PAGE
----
Although Tyvek has been relatively low-profile since On Triple Beams, that quiet should not be mistaken for inaction. “The Triple Beams lineup pretty much went away as soon as the record came out,” Boyer explains, which delayed touring for a bit. Boyer is also a master of the small-batch CD-R and cassette release, some of which the band will be bringing on tour. He also spent the four-year interim completing work on an album with The Intended, a band in which he splits songwriting duties with guitarist Glen Morren (“three quarters of us have played in Tyvek at some point”) and whose debut Time Will Tell came out on In the Red the same week as Origin of What. Their shared DNA is evident, especially on Boyer’s songs, although The Intended is somewhat more melodic and psych-pop leaning.
Tyvek has garnered shout-outs from Joe Casey of recent Detroit breakout Protomartyr (whose The Agent Intellect, if I had a do-over, would stand alone as the finest album of 2015). Boyer played bass in an early, pre-recording lineup of Protomartyr. “Joe’s one of my best friends from high school,” Boyer says. He’s a couple years older than me, but I’ve known him since middle school. Joe’s lent his vocal stylings to some of our live shows.”
Boyer politely pushes back on my notion that Detroit’s scene has actually benefited from a 1970s Soho-like situation of artists squatting in abandoned buildings, with access to ample rehearsal space and the ability to scratch out a living and forge a community. “That’s certainly the myth, and I think some people come there with that myth in mind. But it’s never been my experience.” Some of the lyrics on 2011’s On Triple Beams led me to believe Boyer had grown disgruntled by what he saw as the Motor City’s gentrification, but today he strikes a more pragmatic tone. “People in general are moving to Detroit – young people and music fans included. It still has one of the best music scenes in the country. More economic activity sparks people into going out and doing more stuff.”
It’s not until this stage of our conversation, however, that I discover Boyer relocated to Philadelphia two years ago. He’s quick to point out that “Tyvek will always be a Detroit band,” although its three most active members now span both coasts (current guitarist Heath Heemsbergen now lives in Los Angeles). Perhaps by design, he’s leapt from one cross-pollinating scene to another, Boyer having jumped into collaborative Philly units like Taiwan Housing Project and PANS.
Tyvek’s situation can’t help but make me think of Kleenex, the late ’70s off-kilter Swiss punk band that eventually capitulated and changed its name to Liliput after threats from the Kimberly Clark Corporation. DuPont has yet to take issue with their creative appropriation, however. “So far I think we’re not bothering anybody,” Boyer reports. “Someone did get in touch with us back in the days of Myspace and requested we take our site down because of some third party copyright complaint. But they gave us a number we could call and we wound up talking to their legal department. It was unreal – did we really talk to this person in like 2006? And they said as long as it was limited to social media content we were OK.” In the case of Kleenex the name was meant as a commentary on pop culture’s disposability. If I wanted to geek out I might conjecture that Tyvek is a statement of its resilience.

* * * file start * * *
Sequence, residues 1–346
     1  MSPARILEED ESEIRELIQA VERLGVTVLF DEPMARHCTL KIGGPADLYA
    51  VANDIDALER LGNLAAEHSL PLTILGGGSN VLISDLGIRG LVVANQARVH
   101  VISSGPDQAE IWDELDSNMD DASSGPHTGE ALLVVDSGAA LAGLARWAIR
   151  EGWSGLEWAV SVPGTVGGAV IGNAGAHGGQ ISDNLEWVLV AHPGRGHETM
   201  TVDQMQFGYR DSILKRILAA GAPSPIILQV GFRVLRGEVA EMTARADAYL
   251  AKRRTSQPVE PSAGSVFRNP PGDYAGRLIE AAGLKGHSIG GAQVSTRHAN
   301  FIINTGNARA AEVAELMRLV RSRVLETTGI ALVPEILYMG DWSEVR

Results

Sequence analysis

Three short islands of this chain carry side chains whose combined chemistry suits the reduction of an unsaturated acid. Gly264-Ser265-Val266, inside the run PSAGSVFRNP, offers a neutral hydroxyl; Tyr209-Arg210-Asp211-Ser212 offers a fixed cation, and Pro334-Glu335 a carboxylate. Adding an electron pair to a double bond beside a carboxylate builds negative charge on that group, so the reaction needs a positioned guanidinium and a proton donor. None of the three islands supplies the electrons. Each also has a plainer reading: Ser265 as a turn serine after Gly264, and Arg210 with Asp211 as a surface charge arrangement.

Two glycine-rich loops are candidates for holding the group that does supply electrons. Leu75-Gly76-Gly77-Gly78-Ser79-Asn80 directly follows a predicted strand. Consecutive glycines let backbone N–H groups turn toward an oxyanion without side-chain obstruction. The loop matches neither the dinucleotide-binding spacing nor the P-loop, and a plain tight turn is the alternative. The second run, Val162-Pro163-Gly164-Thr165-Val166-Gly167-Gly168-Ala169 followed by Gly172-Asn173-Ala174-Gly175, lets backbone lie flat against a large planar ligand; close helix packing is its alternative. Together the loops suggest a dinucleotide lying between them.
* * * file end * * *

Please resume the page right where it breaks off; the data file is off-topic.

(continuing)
One of Origin’s most interesting tracks is closer “Underwater 3 Dub.” Fans fondly remember “Underwater 1 and 2,” which ran back-to-back as centerpieces of 2010’s Nothing Fits, possibly Tyvek’s best – although aside from a drum pattern I’ve never discerned much of a connection between those two instalments. Each edition has been successively less grimy but the third truly stands out from the pack, retaining the melody but wrapping it in a slowed-down, gauzy, almost Paisley Underground vibe. “I’d written a different lyric and vocal for it, but when we recorded it was just too similar to ‘Underwater 2,’ so we decided to slow it down, and break it down. “The new chorus, “No limits/ Smash limits,” shares an ethos with its predecessor’s “Just do what you want/Do what you feel.” In fact, in a case of false memory I mistakenly thought the “no limits” line was a carryover– it fits that well.
“To me there’s something about the last song on a record, an opportunity to do something else,” Boyer offers. Doing something else seems to come naturally to him. Without limits.
Photo by Ash Nowak.